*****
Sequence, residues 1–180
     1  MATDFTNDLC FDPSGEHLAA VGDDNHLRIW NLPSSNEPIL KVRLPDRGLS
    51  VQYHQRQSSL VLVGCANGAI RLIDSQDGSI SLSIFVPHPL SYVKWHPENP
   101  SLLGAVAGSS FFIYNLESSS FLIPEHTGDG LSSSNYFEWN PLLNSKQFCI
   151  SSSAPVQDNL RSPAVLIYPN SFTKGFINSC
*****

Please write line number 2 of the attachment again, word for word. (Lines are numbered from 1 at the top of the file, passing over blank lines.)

     1  MATDFTNDLC FDPSGEHLAA VGDDNHLRIW NLPSSNEPIL KVRLPDRGLS